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jberthold commented Apr 23, 2017

Thanks @maoe for bumping this.
I think the problem is inherent to the property tested by write-merge: Can a round-trip of writing back and re-parsing an eventlog yield the same result?
This is problematic in the general case because particular properties of the different generations of GHC writing the event log are encoded in the parser, and this information is not available to the serialiseLog. See

-- The standard encoding is used here, which is wrong for eventlogs
for the example of the stopThread treatment: I had to drop the special case of GHC-7.8.2 on the floor. The example analysed above is a different case, one where two distinct events in the log generate the same information in the HS data structure. In both cases the log can only be written back one way, so there is no fix for the property...

Just though: If the serialseLog function wrote the header after all events used in the log are known, the resulting log file could probably be parsed without problems, yielding the exact same HS data structure. I am guessing this would work because the array out of bounds originates from the shorter header, and the 7.8.2 special parse for stopThread is activated by a certain header (not tested, just a conjecture for now). Or maybe one could even write a full header of all known events when the log is written?

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because particular properties of the different generations of GHC writing the event log are encoded in the parser, and this information is not available to the serialiseLog

I'm not totally sure if this is the case. The set of parsers varies depending on the GHC version as you said but it's constructed from the header content, which is also available in the serializer. I'll take a deeper look into this issue when I have time.

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maoe commented Apr 24, 2017

because particular properties of the different generations of GHC writing the event log are encoded in the parser, and this information is not available to the serialiseLog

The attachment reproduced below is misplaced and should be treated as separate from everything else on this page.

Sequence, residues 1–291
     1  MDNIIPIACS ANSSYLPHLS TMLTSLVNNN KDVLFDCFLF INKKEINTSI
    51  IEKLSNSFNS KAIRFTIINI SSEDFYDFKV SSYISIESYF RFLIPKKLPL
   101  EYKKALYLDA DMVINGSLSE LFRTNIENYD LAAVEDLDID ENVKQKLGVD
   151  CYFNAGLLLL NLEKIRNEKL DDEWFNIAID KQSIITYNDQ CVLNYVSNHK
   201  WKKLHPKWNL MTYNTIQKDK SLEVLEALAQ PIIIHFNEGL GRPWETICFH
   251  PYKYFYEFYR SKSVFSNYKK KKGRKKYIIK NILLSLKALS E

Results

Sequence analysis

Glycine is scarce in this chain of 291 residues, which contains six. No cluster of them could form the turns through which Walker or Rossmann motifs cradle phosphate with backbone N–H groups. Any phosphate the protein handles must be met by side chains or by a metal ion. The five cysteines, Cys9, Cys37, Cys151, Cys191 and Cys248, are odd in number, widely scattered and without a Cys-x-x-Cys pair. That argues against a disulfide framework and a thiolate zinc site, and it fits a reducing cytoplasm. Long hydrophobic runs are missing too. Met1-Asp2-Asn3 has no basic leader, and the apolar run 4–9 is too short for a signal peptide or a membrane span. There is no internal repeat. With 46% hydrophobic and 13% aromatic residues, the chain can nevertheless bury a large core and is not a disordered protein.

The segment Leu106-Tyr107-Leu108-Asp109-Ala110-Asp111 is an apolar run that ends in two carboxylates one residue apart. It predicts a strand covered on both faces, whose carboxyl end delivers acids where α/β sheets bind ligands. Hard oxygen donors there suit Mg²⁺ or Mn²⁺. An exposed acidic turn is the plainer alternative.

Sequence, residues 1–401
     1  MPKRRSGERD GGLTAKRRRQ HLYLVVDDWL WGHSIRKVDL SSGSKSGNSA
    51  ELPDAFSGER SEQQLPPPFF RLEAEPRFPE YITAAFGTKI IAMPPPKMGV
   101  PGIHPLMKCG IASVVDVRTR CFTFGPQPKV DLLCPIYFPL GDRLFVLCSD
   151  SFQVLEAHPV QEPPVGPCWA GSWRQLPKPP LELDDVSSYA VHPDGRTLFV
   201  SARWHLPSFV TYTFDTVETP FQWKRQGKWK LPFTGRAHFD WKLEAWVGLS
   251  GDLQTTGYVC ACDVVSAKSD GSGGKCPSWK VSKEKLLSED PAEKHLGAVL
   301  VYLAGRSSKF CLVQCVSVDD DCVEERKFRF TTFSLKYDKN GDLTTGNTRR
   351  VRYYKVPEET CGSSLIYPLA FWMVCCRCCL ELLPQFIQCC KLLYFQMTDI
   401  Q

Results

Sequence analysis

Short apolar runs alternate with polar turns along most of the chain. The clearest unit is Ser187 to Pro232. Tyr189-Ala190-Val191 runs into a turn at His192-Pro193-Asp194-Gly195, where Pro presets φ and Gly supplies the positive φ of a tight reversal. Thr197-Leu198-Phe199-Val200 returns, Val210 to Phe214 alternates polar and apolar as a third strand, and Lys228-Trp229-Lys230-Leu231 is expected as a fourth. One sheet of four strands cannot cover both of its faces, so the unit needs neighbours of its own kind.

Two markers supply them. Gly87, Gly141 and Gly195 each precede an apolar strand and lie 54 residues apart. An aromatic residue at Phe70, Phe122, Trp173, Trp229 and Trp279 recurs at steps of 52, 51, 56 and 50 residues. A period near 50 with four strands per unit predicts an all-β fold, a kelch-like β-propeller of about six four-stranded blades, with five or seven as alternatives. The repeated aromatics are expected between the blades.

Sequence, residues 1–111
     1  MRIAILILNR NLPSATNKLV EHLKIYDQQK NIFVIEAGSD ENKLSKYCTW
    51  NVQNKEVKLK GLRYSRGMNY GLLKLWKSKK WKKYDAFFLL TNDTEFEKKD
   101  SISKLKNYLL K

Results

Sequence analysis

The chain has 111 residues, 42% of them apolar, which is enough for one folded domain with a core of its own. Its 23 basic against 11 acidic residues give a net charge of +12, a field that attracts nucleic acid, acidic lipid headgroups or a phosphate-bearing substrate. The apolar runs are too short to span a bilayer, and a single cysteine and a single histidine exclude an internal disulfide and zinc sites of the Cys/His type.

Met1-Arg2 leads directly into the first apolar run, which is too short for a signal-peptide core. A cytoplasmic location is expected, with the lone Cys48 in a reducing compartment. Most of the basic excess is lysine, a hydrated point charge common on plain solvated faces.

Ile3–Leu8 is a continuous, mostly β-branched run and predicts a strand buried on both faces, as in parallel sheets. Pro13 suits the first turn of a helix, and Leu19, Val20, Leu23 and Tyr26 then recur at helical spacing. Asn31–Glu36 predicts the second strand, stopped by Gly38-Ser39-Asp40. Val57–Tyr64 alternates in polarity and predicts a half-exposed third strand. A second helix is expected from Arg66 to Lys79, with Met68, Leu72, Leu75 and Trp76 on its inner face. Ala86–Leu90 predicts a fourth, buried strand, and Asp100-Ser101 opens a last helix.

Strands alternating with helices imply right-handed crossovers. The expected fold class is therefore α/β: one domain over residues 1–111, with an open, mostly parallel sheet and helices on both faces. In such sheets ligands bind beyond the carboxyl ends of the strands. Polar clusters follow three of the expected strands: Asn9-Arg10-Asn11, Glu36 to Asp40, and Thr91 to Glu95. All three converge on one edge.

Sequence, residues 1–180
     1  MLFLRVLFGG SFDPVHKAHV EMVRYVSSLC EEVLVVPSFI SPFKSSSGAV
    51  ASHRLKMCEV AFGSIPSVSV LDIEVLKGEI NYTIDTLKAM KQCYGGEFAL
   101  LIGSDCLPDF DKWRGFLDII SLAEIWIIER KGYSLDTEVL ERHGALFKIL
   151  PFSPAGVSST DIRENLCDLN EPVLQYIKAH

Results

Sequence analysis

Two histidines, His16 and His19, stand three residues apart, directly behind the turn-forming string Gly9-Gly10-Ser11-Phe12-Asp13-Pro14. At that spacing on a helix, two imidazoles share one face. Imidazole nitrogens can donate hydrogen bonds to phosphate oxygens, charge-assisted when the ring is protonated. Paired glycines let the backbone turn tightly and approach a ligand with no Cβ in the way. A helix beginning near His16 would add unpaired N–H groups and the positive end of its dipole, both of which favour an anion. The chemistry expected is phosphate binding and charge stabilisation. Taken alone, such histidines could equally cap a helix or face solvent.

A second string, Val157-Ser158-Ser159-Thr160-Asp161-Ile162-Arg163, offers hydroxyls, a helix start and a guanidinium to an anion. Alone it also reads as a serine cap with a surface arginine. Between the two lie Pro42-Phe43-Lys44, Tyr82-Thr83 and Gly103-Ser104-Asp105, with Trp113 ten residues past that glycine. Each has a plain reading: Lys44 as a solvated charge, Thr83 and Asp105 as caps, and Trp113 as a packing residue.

I'm not totally sure if this is the case. The set of parsers varies depending on the GHC version as you said but it's constructed from the header content, which is also available in the serializer. I'll take a deeper look into this issue when I have time.

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mboes May 25, 2017

Does anyone even need the write-back-to-disk functionality? It seems like an odd feature to me to be able to write our own event logs when we're not the compiler. If we got rid of it, a lot of code would go away...

mboes commented May 25, 2017

Does anyone even need the write-back-to-disk functionality? It seems like an odd feature to me to be able to write our own event logs when we're not the compiler. If we got rid of it, a lot of code would go away...

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@mboes I think the write back functionality can be useful. For example, we can write a tool to slice and/or filter specific events from a huge eventlog file to a smaller chunk. It's like the tcpslice for pcap files.

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maoe commented May 25, 2017

@mboes I think the write back functionality can be useful. For example, we can write a tool to slice and/or filter specific events from a huge eventlog file to a smaller chunk. It's like the tcpslice for pcap files.